Virginia knife laws; are concealed folders legal, etc.?

Virginia knife laws; are concealed folders legal, etc.?

This is a discussion on Virginia knife laws; are concealed folders legal, etc.? within the Defensive Knives & Other Weapons forums, part of the Defensive Carry Discussions category; This question came up in this thread: http://www.defensivecarry.com/vbulle...ml#post1199741 Post #48 so far has the meat of the issue, I will copy it here: Originally Posted ...

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Thread: Virginia knife laws; are concealed folders legal, etc.?

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    VIP Member Array paramedic70002's Avatar
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    Virginia knife laws; are concealed folders legal, etc.?

    This question came up in this thread:http://www.defensivecarry.com/vbulle...ml#post1199741 Post #48 so far has the meat of the issue, I will copy it here:

    Originally Posted by GWRedDragon View Post
    My understanding is...
    1) VA 18.2-308 prohibits concealed carry of "any dirk, bowie knife, switchblade knife, ballistic knife, machete, razor, slingshot, spring stick, metal knucks, or blackjack", and a CHP does not exempt you from this prohibition.
    2) Preemption applies only to firearms and ammunition, not for knives and blades.
    3) Many if not most 'urban' counties have blade length restrictions.


    I can't agree with your assertion that carrying a knife concealed is generally illegal (or words to that affect as I remember them). I believe that you have incompletely read and/or interpreted the Code, although I capitulate that knife law is quite scant in VA.

    1. I see this just like open carry. No law against it, so it's OK. No law against folders, or hunting type fixed blades which are not of the listed types. Most fixed blades will be open carried anyway as a matter of necessity unless you really are trying to 'conceal', and that would be right uncomfortable hiding a machete. Of course if Customs gets the definition of switchblade changed, one handed openers could be in peril.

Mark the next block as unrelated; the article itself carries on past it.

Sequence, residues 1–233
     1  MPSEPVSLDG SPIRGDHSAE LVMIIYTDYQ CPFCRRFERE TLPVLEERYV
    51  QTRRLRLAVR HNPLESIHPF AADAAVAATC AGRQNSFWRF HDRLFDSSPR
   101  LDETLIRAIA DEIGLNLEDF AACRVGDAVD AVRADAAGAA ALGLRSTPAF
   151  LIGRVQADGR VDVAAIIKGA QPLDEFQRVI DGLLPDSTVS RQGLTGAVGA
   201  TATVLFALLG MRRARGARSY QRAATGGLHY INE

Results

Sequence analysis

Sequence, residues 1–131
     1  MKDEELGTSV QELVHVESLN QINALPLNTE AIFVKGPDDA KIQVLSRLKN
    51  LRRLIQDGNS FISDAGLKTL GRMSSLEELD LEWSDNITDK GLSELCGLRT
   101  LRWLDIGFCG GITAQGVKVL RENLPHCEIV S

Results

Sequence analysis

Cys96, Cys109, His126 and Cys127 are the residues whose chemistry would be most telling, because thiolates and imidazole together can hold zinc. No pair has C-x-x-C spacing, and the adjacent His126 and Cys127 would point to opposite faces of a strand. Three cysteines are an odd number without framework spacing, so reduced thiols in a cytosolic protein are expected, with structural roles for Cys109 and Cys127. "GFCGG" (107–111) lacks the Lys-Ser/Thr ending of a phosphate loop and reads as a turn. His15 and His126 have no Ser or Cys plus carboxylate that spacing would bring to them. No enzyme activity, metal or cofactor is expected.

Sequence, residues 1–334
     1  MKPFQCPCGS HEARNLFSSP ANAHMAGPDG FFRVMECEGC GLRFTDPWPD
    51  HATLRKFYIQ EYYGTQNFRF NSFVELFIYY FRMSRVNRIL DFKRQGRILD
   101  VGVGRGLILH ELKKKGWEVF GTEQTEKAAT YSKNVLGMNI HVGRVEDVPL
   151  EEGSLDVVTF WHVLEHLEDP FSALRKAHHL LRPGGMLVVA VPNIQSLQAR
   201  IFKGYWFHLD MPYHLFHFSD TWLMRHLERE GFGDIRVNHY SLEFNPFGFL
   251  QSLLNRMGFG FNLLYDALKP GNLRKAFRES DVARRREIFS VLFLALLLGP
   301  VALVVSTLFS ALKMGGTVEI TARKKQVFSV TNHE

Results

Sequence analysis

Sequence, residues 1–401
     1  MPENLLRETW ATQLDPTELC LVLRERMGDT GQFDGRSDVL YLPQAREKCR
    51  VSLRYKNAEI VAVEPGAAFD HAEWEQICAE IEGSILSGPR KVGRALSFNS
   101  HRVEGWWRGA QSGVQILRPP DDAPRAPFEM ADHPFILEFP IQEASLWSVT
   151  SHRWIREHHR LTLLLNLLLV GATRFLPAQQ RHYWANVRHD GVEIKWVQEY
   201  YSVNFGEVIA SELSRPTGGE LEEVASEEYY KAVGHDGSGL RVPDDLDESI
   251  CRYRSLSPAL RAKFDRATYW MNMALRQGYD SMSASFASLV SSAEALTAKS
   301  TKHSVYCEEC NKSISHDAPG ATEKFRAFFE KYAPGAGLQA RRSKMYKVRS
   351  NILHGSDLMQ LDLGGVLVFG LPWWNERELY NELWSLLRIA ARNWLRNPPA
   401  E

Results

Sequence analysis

2. Again, folders I do not believe are addressed in the Code. Preemption would be nice to have, though.
    3. Can't speak to this, but among my old LEO associates it was generally accepted that a common folder is not illegal absent other criminal activity. Many use a rule of thumb of between 3 and 4 inches blade length, although none carry rulers.

    Any VA LEOs out there who can offer insight?
    "Each worker carried his sword strapped to his side." Nehemiah 4:18

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    Member Array celticredneck's Avatar
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    I am definitely not a LEO, but the Va Concealed permit is a CHP (Concealed Handgun Permit), not a CCW(Concealed Weapons Permit). That said, I usually carried a Buck Folder on my belt for work. In the winter it was covered by my jacket. I never gave this any before thought before obtaining my CHP, after all, to me it was another tool, not a knife.

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    Smile What constitutes "blade length"?

    Quote Originally Posted by paramedic70002 View Post
    Many use a rule of thumb of between 3 and 4 inches blade length, although none carry rulers.
    This brought back memories of a funny incident.

    I took some out of town guest to visit the Holocaust Museum, shortly after it opened. I had a small pocket knife with me.

    The guards took out a ruler and proceeded to have an argument among themselves about how to measure a blade length -- i.e., "From the tip [ to the end of the sharpened portion of the blade vs. to the hinge pin vs. to back of the metal with the knife half open so as to measure the entire blade, were it unassembled]"

    After a bit I said something like "It's a pen knife. No matter how you measure it it's shorter than [whatever they had said was the limit]. The whole thing folded is shorter than [???] and the blade is shorter than the handle that it is folded into."

    Back came, "We need to measure and record the length of the blade."

    A supervisor was called and somewhere in some archive there is a record that I carried an inch and whatever blade knife into the Holocaust Museum.
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